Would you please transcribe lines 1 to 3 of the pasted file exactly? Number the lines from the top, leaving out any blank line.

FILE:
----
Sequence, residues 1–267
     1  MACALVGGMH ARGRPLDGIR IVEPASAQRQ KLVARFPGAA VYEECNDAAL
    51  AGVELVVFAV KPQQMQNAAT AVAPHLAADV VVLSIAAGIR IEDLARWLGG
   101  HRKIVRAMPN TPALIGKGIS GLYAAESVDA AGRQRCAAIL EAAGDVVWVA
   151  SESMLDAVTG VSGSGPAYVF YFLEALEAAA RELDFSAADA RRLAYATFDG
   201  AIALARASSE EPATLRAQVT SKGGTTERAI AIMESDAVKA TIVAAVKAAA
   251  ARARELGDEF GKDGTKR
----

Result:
Sequence, residues 1–267
     1  MACALVGGMH ARGRPLDGIR IVEPASAQRQ KLVARFPGAA VYEECNDAAL
    51  AGVELVVFAV KPQQMQNAAT AVAPHLAADV VVLSIAAGIR IEDLARWLGG